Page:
Gerty Cori

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Dr. Gerty Cori

Dr. Gerty Theresa Cori, née Radnitz, (August 15, 1896October 26, 1957) was an American biochemist born in Prague (then Austria-Hungary) who, together with her husband Carl Ferdinand Cori and Argentine physiologist Bernardo Houssay, received a Nobel Prize in Physiology or Medicine in 1947 for their discovery of how glycogen (animal starch) — a derivative of glucose — is broken down and resynthesized in the body, for use as a store and source of energy.

Born into a Jewish family, she was tutored at home before enrolling in a Lyceum for girls. Her uncle, a professor of pediatrics, encouraged her to attend medical school, and she was admitted to the German University of Prague in 1914, at that time there where there were only a few female students. While studying she met Carl Cori, they married in 1920 following graduation, with her converting to Catholicism (possibly to lessen the objections of his family). In 1922 they both emigrated to the United States to pursue medical research at the 'State Institute for the Study of Malignant Diseases' (now the Roswell Park Memorial Institute) in Buffalo, New York. In 1928, they became naturalized citizens of the United States.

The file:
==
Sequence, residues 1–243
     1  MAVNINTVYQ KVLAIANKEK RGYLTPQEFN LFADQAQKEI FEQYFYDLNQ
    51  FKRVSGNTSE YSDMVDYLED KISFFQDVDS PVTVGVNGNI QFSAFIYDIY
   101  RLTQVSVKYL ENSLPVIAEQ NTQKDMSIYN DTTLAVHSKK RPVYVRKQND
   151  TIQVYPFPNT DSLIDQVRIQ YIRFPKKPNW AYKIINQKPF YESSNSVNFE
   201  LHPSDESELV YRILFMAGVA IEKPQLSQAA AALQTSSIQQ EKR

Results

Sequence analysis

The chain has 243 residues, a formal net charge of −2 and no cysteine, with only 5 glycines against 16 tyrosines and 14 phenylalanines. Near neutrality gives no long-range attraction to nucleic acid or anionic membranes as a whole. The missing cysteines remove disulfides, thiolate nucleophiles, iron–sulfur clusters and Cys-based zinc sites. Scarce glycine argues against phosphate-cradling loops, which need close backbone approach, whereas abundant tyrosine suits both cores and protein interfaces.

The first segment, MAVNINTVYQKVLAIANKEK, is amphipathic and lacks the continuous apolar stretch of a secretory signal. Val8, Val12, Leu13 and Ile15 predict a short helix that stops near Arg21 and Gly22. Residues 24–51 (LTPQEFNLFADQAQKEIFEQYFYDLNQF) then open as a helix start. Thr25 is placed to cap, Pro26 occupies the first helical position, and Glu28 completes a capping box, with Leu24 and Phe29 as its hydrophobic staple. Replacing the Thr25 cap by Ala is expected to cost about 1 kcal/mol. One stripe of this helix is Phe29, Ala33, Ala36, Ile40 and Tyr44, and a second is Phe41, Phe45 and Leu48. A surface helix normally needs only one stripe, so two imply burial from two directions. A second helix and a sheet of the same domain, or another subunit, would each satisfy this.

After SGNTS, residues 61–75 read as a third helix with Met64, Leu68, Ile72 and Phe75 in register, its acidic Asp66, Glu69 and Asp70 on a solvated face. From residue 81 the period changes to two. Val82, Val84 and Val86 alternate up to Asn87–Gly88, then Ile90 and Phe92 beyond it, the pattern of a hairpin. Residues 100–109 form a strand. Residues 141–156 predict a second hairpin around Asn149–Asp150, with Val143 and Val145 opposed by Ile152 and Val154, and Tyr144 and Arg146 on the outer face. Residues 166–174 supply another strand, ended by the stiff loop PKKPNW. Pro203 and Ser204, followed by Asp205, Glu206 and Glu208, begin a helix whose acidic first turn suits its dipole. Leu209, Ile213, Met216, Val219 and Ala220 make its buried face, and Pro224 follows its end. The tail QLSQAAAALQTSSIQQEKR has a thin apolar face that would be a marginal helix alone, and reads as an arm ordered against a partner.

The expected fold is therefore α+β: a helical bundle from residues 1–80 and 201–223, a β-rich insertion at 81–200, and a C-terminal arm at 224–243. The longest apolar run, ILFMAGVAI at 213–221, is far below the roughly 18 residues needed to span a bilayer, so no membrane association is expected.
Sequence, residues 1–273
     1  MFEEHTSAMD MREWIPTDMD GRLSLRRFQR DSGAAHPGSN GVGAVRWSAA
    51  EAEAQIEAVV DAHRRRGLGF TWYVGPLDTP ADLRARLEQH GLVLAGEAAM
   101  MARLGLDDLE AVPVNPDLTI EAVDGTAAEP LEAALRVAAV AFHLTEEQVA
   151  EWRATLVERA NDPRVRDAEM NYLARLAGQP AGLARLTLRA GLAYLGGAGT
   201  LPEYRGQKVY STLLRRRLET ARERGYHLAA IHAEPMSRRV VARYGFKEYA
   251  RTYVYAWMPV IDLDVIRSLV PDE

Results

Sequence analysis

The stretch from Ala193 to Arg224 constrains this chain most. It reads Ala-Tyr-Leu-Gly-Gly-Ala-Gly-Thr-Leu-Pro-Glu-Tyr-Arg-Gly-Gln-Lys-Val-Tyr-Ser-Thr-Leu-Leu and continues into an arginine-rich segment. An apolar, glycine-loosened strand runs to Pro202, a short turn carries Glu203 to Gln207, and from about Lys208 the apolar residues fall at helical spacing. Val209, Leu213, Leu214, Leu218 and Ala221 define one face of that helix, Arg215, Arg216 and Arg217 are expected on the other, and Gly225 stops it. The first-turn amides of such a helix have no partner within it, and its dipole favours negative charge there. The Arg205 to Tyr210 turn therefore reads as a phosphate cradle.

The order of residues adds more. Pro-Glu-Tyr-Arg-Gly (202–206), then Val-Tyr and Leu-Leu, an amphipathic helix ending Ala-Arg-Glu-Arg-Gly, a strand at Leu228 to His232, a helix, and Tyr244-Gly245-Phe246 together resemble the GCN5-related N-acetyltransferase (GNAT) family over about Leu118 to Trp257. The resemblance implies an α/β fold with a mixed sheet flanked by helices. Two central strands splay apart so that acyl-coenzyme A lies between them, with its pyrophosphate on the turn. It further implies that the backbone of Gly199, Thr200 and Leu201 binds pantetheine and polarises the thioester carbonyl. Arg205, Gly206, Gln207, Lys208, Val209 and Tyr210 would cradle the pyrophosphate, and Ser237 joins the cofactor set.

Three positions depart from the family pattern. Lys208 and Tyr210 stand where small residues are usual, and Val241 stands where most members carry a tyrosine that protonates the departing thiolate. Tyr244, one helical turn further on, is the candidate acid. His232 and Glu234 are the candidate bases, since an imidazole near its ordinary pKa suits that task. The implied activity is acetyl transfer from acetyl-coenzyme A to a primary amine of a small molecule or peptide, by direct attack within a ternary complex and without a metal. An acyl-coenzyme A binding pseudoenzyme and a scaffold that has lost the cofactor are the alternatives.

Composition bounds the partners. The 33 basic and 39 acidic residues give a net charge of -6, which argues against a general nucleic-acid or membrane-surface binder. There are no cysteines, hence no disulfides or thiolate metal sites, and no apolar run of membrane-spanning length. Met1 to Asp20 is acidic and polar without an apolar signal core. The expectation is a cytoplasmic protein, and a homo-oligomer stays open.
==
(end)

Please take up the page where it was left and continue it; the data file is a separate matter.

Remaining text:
While at Roswell they were discouraged from working together, but did so anyway, devoting their efforts to how energy is produced and transmitted in the human body. Specializing in biochemistry, they began studying how sugar glucose is metabolized. The Coris published fifty papers jointly while at Roswell, with either researcher's name appearing first, depending on who had done the bulk of the research for a given paper. Gerty Cori also published eleven articles as single author. In 1929, they proposed the theory that bears their name and later won them a Nobel Prize. The Cori cycle is their explanation for the movement of energy in the body—from muscle, to the liver, and back to muscle.

The Coris left Roswell after publishing their work on carbohydrate metabolism. A number of universities offered Carl a position but refused to hire Gerty. They moved to St. Louis, Missouri in 1931, where Carl had been offered the chair of the pharmacology department at Washington University School of Medicine. Despite her research Gerty was only offered a position as a research assistant. She was promoted to a full professor when Carl was made head of the biochemistry department.

In 1947 Gerty Cori became the third woman — and first American woman — to win a Nobel Prize in science, the previous recipients being Marie Curie and Irène Joliot-Curie. The same year, she became a full professor of biochemistry at Washington University, a post she held until her death in 1957.

The Cori crater on the Moon is named after her.

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